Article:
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Acute Psychiatry Day Hospital Referral Rates During The World Cup   Back Bookmark and Share

Author : Kelly Brendan , Delaney A-M, Maguire B, Windsor S

Sir The soccer World Cup excites considerable emotion and excitement in many countries around the world. The expression of such emotion varies considerably from culture to culture. In Colombia, for example, a national player who scored an own goal at the 1994 World Cup was assassinated in the street by disgruntled soccer fans.1 In less volatile societies, such as Ireland, major sporting events are often associated with increased consumption of alcohol and an alteration in drinking habits. We studied alcohol-related referrals to an acute psychiatry day hospital during the 2002 World Cup finals.

Cluain Mhuire Acute Day Hospital provides outpatient mental health care for a catchment area population of approximately 175,000. Treatment programmes are available for a wide range of psychiatric illnesses and include a comprehensive alcohol treatment programme, comprising multidisciplinary assess-ment, outpatient detoxification, group therapy and after-care. Referrals are accepted from outpatient and inpatient psychiatric teams, or may be initiated in primary care and accepted into the acute day hospital through community psychiatric teams.

Table: Number of referrals to the acute day hospital during the 6-week period of the 2002 World Cup and a comparison period in 2001
Alcohol misuse1026
Psychosis 34

We reviewed referral rates to the acute day hospital during the 6-week period of the World Cup finals in 2002 and during a 6-week comparison period in 2001. Referral rates for alcohol misuse, depression/anxiety and psychosis are shown in the Table. Referral rates for alcohol misuse during the World Cup finals in 2002 were 160% greater than those during the comparison period in 2001. Over the same time periods, referral rates for depression/anxiety and schizophrenia also increased, but not to the same extent.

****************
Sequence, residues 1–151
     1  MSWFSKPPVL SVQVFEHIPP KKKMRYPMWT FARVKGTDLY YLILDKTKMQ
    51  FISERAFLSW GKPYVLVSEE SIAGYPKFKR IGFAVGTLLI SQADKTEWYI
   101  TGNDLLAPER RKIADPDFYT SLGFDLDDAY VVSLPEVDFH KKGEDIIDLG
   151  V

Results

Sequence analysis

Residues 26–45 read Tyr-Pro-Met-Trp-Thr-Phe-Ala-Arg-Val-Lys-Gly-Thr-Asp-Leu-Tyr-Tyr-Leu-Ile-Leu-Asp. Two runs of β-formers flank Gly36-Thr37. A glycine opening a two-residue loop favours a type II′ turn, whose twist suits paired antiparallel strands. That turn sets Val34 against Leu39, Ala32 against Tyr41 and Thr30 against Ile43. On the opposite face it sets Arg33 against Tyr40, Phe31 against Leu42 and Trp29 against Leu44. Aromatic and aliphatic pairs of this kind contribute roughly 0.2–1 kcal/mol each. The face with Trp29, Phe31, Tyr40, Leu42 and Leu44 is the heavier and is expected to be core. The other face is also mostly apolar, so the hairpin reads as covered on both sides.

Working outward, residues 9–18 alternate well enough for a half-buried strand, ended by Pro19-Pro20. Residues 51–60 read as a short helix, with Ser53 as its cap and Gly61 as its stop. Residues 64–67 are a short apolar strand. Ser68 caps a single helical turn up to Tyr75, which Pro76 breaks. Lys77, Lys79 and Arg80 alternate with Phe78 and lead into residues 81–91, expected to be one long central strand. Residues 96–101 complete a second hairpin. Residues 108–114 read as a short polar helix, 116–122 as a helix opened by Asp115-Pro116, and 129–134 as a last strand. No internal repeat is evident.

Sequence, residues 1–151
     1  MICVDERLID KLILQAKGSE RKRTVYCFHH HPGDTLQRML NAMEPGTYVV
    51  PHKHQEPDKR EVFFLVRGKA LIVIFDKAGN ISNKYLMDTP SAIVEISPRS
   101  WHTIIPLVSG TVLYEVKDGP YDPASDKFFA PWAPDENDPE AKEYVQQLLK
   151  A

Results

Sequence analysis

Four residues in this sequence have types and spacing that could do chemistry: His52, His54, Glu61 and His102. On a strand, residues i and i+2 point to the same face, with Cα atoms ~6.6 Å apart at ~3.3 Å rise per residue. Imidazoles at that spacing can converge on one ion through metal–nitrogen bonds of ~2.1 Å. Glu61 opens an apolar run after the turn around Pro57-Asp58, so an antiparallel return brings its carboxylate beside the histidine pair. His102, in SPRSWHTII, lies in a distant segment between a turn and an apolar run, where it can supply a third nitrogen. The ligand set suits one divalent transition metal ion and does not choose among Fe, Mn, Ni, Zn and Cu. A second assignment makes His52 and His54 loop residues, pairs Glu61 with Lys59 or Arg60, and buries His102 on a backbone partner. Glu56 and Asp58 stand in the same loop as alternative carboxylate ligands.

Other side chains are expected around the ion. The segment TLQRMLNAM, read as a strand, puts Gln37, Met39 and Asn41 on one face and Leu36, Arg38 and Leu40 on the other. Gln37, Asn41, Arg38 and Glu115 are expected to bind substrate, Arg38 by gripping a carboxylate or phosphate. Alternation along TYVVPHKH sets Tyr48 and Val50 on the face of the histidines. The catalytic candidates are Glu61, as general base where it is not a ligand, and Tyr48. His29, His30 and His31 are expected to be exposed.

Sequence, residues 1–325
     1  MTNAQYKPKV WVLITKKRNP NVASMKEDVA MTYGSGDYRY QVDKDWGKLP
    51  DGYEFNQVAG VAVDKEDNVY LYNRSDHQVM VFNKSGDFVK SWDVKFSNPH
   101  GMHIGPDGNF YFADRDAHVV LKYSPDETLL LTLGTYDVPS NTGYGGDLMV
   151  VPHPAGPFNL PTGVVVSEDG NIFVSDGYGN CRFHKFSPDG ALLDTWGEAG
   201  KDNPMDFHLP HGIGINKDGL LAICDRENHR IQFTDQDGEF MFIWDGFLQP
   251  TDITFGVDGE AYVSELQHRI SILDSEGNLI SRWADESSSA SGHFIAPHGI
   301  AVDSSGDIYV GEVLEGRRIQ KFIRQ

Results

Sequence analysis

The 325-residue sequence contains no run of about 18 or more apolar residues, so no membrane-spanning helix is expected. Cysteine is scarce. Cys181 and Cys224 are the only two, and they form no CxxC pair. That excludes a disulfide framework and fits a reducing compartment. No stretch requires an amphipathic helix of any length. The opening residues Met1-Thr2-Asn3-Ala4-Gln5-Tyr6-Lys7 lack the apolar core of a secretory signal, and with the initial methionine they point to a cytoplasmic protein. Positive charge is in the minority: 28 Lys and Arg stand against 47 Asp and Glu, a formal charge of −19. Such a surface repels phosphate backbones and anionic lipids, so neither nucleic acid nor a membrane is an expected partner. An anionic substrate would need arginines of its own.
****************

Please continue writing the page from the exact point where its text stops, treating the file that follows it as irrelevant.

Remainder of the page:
Alcohol is traditionally associated with a range of events in Irish society, including weddings, funerals, commercial meetings and artistic events.2 Sporting events are also commonly linked to alcohol consumption. The 2002 World Cup finals had a particular impact on drinking habits as the event was held in Japan and Korea, with the result that matches were often broadcast in early morning in Ireland.

In Quality and Fairness the Department of Health and Children3 stated its intention to introduce further actions to promote sensible alcohol consumption, on the basis of a review of the National Alcohol Policy, and to examine possible further restrictions on the advertising of alcohol. We suggest that such actions take into account the impact of major sporting events on patterns of alcohol consumption.

We wish to acknowledge the assistance of Dr Kenneth Sinanan, Consultant Psychiatrist, Cluain Mhuire Services; and Dr Marie Murray, Director of Psychology, St Vincents Hospital, Fairview, Dublin.

1,2BD Kelly, 1S Windsor, 1A-M Delaney, 1B Maguire
1Cluain Mhuire Acute Day Hospital;
2Stanley Research Unit, Cluain Mhuire Services, Dublin

Brendan Kelly,
Cluain Mhuire Family Centre,
Newtownpark Avenue,
Co. Dublin.
Telephone: (01) 2833766.
Fax: (01) 2833886.
Email: [email protected]

  1. Glanville B. The Story of the World Cup (6th edition). Faber and Faber, London, 2001
  2. Webb M. Alcohol Excess the curse of the drinking classes. In: Mental Health in Ireland (ed. Keane C). Gill and Macmillan and Radio Telefis Eireann, Dublin, 1991
  3. Department of Health and Children. Quality and Fairness: A Health System for You. Stationary Office, Dublin, 2001.
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